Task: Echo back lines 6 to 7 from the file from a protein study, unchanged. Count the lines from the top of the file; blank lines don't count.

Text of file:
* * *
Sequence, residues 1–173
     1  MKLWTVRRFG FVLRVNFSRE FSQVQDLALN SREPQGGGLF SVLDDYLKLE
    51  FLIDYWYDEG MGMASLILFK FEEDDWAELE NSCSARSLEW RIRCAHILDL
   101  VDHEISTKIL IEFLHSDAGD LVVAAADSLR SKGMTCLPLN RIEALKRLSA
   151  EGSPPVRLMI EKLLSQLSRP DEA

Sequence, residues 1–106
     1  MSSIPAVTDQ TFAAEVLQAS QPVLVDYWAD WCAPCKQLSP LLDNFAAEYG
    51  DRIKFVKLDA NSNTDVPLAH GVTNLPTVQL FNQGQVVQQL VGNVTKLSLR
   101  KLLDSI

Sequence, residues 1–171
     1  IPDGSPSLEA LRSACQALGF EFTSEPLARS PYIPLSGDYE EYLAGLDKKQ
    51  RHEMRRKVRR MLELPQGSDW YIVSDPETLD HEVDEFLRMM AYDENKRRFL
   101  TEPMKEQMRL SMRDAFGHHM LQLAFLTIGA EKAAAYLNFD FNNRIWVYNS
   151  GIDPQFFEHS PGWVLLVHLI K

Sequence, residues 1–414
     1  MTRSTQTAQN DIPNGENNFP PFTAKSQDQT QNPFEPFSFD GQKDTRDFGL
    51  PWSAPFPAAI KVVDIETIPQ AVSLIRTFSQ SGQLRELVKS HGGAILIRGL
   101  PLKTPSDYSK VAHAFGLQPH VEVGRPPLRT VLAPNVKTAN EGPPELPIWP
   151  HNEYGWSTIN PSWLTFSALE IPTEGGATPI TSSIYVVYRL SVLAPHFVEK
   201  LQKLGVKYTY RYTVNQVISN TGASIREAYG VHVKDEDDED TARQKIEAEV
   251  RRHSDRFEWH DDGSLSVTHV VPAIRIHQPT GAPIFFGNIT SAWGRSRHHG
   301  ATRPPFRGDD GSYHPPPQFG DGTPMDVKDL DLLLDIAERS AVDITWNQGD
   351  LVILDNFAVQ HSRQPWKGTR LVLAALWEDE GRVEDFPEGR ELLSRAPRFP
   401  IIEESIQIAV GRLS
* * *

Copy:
Sequence, residues 1–106
     1  MSSIPAVTDQ TFAAEVLQAS QPVLVDYWAD WCAPCKQLSP LLDNFAAEYG